Obesity

The heart must pump blood over your entire body and the more body you have, the harder this is. As mentioned above, if the heart has to pump faster, then it needs the lungs to pull extra duty to keep up, which results in heavy breathing.

Additionally, obese individuals tend to have their body weight carried in the mid-drift area, placing extra pressure on the lungs.

Anxiety

In periods of intense anxiety—especially in those who suffer from clinical anxiety—noisy breathing and shortness of breath can be symptoms. Unfortunately, the heavy breathing can fuel further anxiety and make it feel like a struggle to get enough oxygen.

If possible, remove yourself from the situation and get to a quiet place where you can sit down and try to regulate breathing. If you have a history of cardiovascular trouble, you should call 911 or get to a hospital immediately.

Sleep Apnea and Snoring

If you wake up gasping for air or have been informed that you’re breathing heavily while sleeping, it may be from heavy snoring or sleep apnea. Sleep apnea is caused by blockages to the airways resulting from relaxed throat muscles. You end up gasping for air because you can’t take in oxygen.

Some other causes of heavy breathing while you sleep include nasal congestion, COPD, heart failure, and obesity.

Exercise

Periods of enhanced physical exertion, like exercise, lead to increased demand for oxygen and shortness of breath. The harder your muscles are working, the more oxygen they need.

Your heart rate increases to pump oxygen-rich blood throughout your body, and the increased consumption can leave you breathing harder.

How to Treat Heavy Breathing

The treatment for heavy breathing will depend on what caused it. For example, in the case of exercise or increased physical exertion, taking a moment to sit down and rest should treat your labored breathing just fine.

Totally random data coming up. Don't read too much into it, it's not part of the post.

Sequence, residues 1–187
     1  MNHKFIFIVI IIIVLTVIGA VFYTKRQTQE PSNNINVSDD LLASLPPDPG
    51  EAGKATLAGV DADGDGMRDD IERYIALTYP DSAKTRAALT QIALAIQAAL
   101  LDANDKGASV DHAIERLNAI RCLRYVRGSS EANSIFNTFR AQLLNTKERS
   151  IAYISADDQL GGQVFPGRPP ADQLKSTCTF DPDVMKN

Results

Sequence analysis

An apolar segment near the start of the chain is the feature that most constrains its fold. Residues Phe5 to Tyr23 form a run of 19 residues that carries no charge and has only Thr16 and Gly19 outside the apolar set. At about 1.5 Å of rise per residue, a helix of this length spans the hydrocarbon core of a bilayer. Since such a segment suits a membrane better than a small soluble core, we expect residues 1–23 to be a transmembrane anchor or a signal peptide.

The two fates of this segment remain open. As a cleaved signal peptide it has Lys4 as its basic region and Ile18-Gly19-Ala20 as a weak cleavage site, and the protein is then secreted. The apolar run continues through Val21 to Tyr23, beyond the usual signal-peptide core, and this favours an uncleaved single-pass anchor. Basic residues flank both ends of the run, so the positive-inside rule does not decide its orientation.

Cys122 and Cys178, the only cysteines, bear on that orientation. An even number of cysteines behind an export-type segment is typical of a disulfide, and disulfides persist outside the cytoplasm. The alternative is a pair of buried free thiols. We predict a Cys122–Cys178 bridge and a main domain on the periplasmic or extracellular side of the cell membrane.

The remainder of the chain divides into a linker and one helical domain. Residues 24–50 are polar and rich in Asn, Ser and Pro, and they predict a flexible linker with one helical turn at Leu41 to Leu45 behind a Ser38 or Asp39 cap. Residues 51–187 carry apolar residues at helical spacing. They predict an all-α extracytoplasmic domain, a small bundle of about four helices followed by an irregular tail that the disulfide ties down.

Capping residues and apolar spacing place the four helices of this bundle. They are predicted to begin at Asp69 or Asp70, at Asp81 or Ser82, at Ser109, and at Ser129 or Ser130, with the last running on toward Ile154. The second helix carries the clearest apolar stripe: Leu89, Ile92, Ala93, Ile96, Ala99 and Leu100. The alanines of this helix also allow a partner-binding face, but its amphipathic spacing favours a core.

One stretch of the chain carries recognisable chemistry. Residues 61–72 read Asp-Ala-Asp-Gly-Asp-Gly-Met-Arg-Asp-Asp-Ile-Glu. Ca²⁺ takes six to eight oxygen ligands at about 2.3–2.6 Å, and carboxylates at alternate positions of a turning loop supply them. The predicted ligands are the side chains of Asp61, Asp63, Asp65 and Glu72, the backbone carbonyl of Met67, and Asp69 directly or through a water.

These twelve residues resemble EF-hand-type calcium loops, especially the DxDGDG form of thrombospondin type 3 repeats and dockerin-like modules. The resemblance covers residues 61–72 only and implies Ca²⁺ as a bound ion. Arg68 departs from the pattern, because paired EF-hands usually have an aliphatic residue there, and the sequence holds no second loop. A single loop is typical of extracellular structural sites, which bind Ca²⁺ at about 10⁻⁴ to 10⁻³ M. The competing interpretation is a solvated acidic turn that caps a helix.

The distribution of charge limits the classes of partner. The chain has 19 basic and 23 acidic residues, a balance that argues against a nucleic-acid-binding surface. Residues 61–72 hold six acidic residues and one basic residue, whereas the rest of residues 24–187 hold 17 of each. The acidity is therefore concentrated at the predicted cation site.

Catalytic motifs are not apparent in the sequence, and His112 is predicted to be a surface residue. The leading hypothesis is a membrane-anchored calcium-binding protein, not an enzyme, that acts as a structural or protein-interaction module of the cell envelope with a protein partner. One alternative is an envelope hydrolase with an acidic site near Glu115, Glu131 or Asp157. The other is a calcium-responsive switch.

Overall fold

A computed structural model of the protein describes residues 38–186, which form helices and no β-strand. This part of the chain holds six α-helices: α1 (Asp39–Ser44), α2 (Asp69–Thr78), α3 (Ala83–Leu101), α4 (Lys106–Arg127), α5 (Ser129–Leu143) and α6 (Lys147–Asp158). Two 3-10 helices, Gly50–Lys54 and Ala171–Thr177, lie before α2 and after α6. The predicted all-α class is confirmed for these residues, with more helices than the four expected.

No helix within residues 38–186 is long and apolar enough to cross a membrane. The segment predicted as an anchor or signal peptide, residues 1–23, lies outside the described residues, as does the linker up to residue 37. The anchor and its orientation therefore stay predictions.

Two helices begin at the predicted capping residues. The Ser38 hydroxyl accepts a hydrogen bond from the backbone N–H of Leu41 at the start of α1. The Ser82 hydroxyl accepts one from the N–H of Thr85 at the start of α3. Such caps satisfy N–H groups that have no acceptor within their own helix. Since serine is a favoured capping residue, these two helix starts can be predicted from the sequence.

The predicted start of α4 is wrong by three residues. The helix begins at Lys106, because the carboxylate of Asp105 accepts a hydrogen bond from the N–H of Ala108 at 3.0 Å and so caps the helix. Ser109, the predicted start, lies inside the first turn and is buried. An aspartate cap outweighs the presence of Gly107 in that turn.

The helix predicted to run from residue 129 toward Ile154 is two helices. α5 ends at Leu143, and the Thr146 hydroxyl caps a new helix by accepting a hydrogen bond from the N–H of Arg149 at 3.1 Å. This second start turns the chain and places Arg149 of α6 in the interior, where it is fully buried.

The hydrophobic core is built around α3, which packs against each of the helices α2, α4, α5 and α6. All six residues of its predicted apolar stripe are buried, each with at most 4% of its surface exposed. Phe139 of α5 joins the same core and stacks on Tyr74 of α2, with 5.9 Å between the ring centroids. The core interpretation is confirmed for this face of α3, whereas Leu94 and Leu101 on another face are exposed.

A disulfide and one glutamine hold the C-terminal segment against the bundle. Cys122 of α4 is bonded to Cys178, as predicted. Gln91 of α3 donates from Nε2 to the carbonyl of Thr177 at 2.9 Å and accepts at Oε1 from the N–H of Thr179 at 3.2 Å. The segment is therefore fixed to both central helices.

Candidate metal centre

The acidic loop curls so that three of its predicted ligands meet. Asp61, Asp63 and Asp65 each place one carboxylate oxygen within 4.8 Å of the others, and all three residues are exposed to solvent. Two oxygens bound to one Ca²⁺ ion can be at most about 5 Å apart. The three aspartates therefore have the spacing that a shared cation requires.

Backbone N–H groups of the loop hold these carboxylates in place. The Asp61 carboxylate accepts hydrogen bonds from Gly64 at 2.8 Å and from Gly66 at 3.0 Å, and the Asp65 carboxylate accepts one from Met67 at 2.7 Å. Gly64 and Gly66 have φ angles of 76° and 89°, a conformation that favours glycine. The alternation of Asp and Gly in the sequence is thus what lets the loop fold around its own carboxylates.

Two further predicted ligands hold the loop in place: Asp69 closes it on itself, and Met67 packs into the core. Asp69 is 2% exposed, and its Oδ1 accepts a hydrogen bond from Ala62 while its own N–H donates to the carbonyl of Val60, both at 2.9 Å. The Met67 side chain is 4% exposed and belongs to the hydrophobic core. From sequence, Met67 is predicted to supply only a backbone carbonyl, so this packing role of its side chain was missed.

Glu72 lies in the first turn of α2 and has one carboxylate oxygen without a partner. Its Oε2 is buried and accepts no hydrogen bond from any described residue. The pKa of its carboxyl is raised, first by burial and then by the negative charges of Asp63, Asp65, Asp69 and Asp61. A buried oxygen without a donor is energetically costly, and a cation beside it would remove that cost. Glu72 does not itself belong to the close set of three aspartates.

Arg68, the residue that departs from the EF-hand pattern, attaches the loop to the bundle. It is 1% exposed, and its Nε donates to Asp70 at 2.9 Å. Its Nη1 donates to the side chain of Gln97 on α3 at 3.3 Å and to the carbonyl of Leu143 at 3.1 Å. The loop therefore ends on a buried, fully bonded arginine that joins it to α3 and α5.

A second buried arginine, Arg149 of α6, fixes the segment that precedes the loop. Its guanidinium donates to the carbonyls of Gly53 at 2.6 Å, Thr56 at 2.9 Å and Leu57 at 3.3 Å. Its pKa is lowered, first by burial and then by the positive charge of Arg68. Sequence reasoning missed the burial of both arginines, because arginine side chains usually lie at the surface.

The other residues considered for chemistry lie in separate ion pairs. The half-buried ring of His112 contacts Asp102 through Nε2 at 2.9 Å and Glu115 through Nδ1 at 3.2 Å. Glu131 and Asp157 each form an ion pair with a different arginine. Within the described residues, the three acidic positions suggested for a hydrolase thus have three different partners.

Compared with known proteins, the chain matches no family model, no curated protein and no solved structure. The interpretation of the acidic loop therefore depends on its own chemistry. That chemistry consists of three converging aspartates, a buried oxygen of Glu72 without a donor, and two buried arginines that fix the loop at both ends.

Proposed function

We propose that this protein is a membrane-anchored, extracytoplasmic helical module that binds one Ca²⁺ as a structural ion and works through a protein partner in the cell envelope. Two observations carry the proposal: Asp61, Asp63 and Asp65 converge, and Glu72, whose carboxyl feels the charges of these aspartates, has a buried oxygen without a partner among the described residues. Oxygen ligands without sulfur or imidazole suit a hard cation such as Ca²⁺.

For conditions like asthma and COPD, treatments will typically include corticosteroid inhalers to bring down inflammation and open up the airways. Colds, sinus infections, and allergies are typically treated with antihistamines or nasal decongestant sprays. Warm beverages can also help with mucus.

When shortness of breath is caused by heart failure, a number of medications can be used. These include options like vasodilators, beta-blockers, and ACE-inhibitors. Surgery may be required, as well.

How to Prevent Heavy Breathing 

  • Avoid triggers: A good place to start would be to take steps to avoid triggers. Most breathing issues have some sort of trigger whether they are physical exertion or allergens in the air. By paying attention to your body and noting what triggers periods of heavy breathing, you can take steps to reduce your exposure. In cases where exposure is inevitable, you can instead opt for protections. For instance, if you have seasonal allergies but have to go outside you can try wearing a face mask.
  • Lifestyle adjustments: Lifestyle adjustments can be used to ease symptoms or to improve lung strength. For obese or overweight individuals, taking steps to lose even a little bit of weight can have an impressive effect on your pulmonary health. It should also go without saying that, if you smoke, quitting is highly advisable since little progress in your lung health can be made while regularly inhaling the heated mixture of ash and chemicals.
  • Wash your hands: Cold and flu viruses, and plenty of others, are passed through human surface contact. Wash your hands with warm water and soap when you arrive at a new destination or return home to reduce the chances of infection
  • Have a sleep assessment: A sleep assessment at a sleep clinic can help determine if you have sleep apnea. One of the most effective ways to treat shortness of breath while sleeping is with an oxygen mask. After the initial adjustment period, you likely won’t experience any discomfort and will notice a big difference in your quality of sleep.

When to See Your Doctor

Since heavy breathing can have so many possible causes—some of which can cause overlapping symptoms—it is best to get a firm diagnosis from your doctor. Beyond that, most common causes of heavy breathing do not usually require emergency attention.

The primary exception to this is if your breathing difficulties suddenly worsen or you are having an asthma attack that is not being relieved by use of the inhaler. In these instances, you should seek medical attention at the earliest convenience.

Also Read:


Article Sources (+)

“COPD,” Mayo Clinic web site, July 21, 2015; http://www.mayoclinic.org/diseases-conditions/copd/basics/symptoms/con-20032017.
“Asthma,” Mayo Clinic web site, October 17, 2015; http://www.mayoclinic.org/diseases-conditions/asthma/basics/symptoms/con-20026992.
Wickman, G., “What Are the Causes of Heavy Breathing?” What Are the Causes of Heavy Breathing?” Health Guidance web site; http://www.healthguidance.org/entry/15452/1/What-Are-the-Causes-of-Heavy-Breathing.html, , last accessed  January 19, 2016. 
Tags: ,